Intrauterine devices may be helpful in lowering risk of cervical cancer, a new study published in the Obstetrics and Gynecology journal suggests.
Victoria Cortessis of the University of Southern California in Los Angeles led a team of researchers who examined data from 16 studies of over 12,000 women, some with cervical cancer, some without.
The studies, which were chosen based on their information about patients’ IUD use, found that women who used an IUD were 36% less likely to get cervical cancer than women who didn’t have them.
The theory is that the act of inserting the device may trigger a cellular response that acts against persistent HPV infections and pre-malignant cervical lesions.
“Even if the rate of cervical cancer remains steady, the actual number of women with cervical cancer is poised to explode,” Cortessis said in a statement. “IUDs could be a tool to combat this impending epidemic.”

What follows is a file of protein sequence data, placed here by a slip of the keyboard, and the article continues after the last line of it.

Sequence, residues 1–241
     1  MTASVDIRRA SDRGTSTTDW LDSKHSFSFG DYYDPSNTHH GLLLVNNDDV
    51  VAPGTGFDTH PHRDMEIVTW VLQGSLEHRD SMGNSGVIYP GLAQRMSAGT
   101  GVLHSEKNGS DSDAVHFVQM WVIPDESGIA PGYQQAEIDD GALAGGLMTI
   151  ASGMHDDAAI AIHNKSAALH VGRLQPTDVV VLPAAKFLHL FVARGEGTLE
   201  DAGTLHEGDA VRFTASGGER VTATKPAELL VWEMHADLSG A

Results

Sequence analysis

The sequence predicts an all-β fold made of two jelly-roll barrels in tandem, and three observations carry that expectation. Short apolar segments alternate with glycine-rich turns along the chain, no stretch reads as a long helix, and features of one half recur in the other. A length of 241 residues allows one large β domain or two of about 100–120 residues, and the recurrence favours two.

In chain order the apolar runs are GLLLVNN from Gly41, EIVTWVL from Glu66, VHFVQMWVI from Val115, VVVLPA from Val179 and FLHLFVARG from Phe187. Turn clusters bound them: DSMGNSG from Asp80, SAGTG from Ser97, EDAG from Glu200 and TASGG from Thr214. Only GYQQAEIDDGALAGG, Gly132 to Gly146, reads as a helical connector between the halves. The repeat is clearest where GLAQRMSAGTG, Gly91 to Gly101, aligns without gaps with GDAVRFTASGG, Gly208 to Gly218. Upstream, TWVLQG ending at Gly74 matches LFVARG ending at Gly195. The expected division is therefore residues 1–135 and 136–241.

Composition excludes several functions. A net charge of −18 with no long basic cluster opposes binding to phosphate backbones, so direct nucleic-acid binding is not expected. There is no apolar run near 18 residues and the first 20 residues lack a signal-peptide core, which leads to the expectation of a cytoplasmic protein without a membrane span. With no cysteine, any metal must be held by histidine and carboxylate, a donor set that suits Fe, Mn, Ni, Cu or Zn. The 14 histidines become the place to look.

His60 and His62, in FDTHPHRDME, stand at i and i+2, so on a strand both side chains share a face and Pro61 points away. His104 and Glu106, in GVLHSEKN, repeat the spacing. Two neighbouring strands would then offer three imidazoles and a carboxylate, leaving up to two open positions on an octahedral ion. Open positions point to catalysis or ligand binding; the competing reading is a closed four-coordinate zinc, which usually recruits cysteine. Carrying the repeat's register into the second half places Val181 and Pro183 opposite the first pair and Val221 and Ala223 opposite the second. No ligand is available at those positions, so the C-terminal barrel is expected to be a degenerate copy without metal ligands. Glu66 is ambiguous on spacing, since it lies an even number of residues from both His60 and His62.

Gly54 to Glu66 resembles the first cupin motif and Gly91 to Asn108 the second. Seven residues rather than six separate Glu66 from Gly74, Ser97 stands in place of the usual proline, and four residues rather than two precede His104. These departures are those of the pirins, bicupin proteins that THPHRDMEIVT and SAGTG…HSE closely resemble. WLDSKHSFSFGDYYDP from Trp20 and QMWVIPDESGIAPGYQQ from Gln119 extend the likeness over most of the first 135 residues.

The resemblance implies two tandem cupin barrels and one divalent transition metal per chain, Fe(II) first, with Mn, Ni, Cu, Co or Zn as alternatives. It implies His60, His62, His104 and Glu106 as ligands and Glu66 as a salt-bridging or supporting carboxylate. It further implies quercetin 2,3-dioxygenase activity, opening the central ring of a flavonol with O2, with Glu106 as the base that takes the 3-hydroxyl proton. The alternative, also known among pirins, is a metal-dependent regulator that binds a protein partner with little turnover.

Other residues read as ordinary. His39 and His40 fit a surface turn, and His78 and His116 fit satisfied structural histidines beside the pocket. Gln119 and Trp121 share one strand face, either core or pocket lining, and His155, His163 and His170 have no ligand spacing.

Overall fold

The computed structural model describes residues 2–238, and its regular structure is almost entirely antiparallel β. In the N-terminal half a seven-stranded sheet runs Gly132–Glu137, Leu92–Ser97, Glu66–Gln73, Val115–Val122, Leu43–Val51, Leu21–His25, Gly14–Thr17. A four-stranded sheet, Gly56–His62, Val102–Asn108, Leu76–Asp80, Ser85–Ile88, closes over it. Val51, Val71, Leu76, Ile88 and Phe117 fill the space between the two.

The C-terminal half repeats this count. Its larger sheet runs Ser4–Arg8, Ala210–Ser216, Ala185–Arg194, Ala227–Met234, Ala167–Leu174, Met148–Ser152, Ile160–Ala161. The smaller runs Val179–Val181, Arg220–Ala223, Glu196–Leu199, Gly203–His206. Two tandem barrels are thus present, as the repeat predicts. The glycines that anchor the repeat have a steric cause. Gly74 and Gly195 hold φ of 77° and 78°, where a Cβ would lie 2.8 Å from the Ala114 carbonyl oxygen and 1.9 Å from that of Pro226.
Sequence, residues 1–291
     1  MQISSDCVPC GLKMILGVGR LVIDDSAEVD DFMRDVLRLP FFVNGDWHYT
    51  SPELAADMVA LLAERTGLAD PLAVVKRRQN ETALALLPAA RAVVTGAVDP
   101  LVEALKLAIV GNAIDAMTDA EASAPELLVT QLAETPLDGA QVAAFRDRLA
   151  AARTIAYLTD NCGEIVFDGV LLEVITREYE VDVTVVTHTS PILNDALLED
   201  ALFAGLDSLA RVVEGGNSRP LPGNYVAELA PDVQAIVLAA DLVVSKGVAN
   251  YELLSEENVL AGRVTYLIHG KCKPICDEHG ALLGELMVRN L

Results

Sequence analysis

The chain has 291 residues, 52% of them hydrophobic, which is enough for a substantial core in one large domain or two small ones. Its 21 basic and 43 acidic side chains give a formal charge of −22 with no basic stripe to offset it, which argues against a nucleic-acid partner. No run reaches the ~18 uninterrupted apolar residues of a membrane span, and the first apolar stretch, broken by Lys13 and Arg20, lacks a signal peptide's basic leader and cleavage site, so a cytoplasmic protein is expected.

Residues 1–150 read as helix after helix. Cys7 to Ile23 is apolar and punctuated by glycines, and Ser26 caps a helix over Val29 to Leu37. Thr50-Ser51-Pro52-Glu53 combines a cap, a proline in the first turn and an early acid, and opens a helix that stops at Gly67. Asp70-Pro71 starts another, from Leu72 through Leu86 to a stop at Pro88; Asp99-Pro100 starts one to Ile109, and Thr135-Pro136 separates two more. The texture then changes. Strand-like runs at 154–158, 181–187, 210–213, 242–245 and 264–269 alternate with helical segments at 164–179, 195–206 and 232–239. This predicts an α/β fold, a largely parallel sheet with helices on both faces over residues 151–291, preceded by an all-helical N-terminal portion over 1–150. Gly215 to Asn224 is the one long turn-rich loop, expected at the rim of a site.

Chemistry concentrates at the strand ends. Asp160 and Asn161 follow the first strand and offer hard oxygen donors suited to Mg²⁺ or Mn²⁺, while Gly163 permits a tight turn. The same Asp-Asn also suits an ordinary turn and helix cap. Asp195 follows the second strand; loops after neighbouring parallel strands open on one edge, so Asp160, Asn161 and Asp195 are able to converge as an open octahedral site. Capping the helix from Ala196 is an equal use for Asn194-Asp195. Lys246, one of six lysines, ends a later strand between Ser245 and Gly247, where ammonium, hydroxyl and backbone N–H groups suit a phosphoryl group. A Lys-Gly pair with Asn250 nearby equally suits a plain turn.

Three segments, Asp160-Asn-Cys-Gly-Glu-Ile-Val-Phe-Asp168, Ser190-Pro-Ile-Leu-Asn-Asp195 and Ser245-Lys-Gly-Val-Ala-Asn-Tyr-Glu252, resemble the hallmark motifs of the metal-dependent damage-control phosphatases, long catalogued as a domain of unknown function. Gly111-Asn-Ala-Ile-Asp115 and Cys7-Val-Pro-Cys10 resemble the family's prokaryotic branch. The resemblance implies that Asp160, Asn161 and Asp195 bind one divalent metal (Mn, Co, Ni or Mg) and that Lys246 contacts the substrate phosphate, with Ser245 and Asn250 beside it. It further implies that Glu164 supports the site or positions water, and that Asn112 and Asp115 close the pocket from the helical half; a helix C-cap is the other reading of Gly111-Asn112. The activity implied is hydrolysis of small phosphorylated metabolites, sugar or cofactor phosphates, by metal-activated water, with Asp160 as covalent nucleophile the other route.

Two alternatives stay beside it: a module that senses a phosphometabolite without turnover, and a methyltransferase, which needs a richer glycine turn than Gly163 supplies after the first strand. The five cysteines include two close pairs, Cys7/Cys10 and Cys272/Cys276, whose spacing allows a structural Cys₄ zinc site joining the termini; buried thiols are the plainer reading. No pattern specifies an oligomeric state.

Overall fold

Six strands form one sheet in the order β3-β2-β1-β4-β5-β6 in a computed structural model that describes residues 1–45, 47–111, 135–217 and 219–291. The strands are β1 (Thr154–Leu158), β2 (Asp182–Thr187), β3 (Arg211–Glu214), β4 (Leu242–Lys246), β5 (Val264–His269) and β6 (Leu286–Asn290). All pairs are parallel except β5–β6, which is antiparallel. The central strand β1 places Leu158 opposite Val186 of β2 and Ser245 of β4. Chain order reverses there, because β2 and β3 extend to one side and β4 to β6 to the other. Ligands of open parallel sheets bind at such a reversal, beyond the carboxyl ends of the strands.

Cervical cancer is the third most common cancer among women globally. According to the study, as of 2014, less than 2% of eligible women in low-resource countries had received one or more of their HPV shots; experts at the World Health Organization expect rates to skyrocket to more than 700,000 new cases per year by 2035.
Because the study was based on meta-analysis, the researchers were unsure of IUD type (hormonal vs. nonhormonal), age or duration of use of the devices, so more research needs to be done.
Previous research has established a link between women who use non-hormonal IUDs and lower endometrial cancer incidence.
IUDs are small, T-shaped devices placed in the uterus to prevent sperm from reaching an egg. They can protect against pregnancy from three to up to 10 years.